About your Search

20121112
20121120
Search Results 0 to 9 of about 10 (some duplicates have been removed)
now. >> reporter: but republican house speaker john boehner has balked at that idea. it would take away most of his party's leverage in fiscal cliff negotiations. >> there are a lot of issues on the table that have to be resolved by the end of the year, and i think i've laid out a reasonable framework where both parties can work together, and i'm looking forward to going down to the white house on friday and beginning that conversation. >> reporter: boehner and other top republicans have proposed eliminating deductions and loopholes that benefit the wealthy instead raising their tax rates. >> we are not going to hurt our economy and make job creation more difficult which is exactly what that plan would do. >> reporter: today the president argued closing loopholes alone won't be enough to cut the deficit. he'll have that argument face to face with wayne or friday. one of the most frequent criticisms we've heard over the past few years from members on both sides if you haven't done enough to reach out and build relationships. are there concrete ways you plan to approach your relation
that john boehner had with all of you folks saying get in line, we actually have to have a record to run on in 2014. we can't be obstructionists anymore. the american people have spoken in the election, let's do something. newt gingrich, former speaker of the house, failed presidential candidate, giving advice to the republican party, i would advise the republican party to take that with a huge salt lick. >> yeah. >> ashley, you were on the trail covering romney and there for the last days of his candidacy. do you sense now there is supposedly a come to jesus moment happening within the republican party, that the moderate wing will have a strong voice? >> well, i mean one thing you're seeing before the election, before the president won re-election and seemed like leaders in congress were going to be more willing to compromise, governor romney was sounding a bipartisan theme even during the election. even before, some people would argue the president has a mandate, some wouldn't, bipartisanship was what was persuading the most voters on the trail. after the election there's probably goin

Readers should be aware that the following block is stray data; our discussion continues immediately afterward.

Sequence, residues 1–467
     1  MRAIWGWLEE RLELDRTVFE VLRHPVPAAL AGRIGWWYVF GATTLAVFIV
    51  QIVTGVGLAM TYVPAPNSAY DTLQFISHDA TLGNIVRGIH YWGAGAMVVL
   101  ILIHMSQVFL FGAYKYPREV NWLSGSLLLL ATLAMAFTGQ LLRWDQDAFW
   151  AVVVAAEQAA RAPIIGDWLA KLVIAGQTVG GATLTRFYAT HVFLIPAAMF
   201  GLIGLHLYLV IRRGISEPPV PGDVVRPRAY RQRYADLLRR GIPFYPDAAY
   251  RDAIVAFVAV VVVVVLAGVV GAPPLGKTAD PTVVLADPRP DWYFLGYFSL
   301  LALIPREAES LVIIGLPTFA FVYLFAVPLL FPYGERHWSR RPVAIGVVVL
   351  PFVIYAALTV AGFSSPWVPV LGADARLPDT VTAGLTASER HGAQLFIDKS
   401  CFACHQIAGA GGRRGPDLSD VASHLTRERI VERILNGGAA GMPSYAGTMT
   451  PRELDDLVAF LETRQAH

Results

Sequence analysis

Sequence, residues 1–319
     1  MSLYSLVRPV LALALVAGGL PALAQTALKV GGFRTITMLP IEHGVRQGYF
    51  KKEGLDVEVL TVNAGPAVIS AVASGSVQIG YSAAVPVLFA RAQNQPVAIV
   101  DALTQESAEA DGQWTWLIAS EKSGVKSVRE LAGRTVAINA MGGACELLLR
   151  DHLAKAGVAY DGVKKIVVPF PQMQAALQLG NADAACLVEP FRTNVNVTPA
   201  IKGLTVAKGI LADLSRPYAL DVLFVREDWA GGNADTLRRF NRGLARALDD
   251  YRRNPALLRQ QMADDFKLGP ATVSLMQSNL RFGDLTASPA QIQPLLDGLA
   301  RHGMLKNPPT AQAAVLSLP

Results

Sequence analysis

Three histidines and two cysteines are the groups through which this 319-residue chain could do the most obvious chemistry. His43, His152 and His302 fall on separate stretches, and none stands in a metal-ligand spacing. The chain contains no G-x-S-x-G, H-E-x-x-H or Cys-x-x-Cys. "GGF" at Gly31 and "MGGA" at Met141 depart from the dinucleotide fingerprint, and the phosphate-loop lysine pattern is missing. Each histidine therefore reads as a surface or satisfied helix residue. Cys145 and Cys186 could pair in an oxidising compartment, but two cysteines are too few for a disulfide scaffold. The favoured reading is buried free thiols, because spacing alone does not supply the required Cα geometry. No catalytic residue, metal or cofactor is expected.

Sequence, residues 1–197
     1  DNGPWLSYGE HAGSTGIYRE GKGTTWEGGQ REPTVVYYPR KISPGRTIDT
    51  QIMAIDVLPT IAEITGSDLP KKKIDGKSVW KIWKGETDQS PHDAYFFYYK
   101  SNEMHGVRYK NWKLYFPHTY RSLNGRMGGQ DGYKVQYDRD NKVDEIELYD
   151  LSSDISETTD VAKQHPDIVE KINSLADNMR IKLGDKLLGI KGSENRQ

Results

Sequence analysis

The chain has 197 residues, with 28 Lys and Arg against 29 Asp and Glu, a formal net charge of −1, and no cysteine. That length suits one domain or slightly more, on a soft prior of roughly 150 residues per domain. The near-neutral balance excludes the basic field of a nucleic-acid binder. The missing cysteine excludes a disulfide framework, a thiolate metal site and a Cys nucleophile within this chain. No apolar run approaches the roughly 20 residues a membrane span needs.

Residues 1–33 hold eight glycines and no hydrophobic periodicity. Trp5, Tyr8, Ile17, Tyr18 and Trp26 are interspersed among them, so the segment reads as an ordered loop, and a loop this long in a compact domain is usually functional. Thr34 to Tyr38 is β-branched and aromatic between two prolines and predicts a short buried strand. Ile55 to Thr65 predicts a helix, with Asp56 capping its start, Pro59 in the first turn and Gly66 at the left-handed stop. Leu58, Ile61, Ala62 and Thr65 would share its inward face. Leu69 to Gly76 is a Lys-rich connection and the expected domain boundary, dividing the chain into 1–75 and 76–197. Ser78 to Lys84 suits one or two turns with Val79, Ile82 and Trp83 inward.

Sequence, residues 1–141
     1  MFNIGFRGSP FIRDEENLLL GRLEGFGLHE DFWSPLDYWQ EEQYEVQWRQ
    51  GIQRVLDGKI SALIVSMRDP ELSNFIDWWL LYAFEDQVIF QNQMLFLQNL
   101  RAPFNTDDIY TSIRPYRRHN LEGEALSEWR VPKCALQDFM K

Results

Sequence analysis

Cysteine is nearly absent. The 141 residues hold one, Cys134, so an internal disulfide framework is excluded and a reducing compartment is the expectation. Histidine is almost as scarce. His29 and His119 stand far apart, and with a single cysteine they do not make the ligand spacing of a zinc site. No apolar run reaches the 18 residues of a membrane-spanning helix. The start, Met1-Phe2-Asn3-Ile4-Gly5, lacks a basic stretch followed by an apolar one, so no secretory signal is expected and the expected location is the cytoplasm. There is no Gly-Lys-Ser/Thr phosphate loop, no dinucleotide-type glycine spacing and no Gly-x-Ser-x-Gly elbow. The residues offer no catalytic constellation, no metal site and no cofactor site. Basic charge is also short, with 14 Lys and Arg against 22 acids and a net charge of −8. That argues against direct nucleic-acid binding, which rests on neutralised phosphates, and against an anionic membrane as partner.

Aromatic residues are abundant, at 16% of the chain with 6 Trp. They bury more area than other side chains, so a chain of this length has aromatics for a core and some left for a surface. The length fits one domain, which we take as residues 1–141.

boehner if you were now the de facto leader of the republican party, and his answer was -- >> oh, i wouldn't think so, paul ryan is a policy wonk. >> i take that as a great compliment from john. >> reporter: is that your role now in the republican party, policy wonk? >> i've always been one of the house policy wonks. my role is to continue to be a champion of ideas and help our party be the reform party that shows how we get economic growth. >> reporter: ryan says he unplugged in the days after the campaign. he didn't even hear the news about david petraeus' resignation or questions about its timing until later. instead, he was hunting and spending time with his family. >> you know, the great thing about just this last weekend, i got to go to both my boys' basketball games and two of my daughter's volleyball games. >> reporter: there's an upside to losing. >> an upside to losing, reconnection with my family which is something we've always -- we're a very close family. people got to see our family. i'm excited about getting back to work here. >> reporter: paul ryan's three kids all in eleme
both parties have to talk to each other. >> reporter: diane sawyer asked speaker boehner if you are now the de facto leader of the republican party. and his answer was, oh, i wouldn't think so. paul ryan is a policy wonk. >> i take that as a great compliment from john. >> reporter: is that your role in the republican party, the house policy wonk? >> i have also been one of the house policy wonks. my role is to continue to be a champion of ideas. to help our party be the reform party. that shows how we get economic growth. >> reporter: i asked ryan about speculation that he would be an early front-runner for the republican presidential nomination in 2016. he told me it is way too early to even think about the next presidential race. jonathan karl, abc news, washington. >> he also said another reason his team lost the turnout in urban areas in the country was so high. they also lost in states with few minorities and rural areas, iowa, new hampshire. if you look at a lot of the president's poll numbers, there was more at play than folks of color coming out in support. one important part of
Search Results 0 to 9 of about 10 (some duplicates have been removed)

Terms of Use (10 Mar 2001)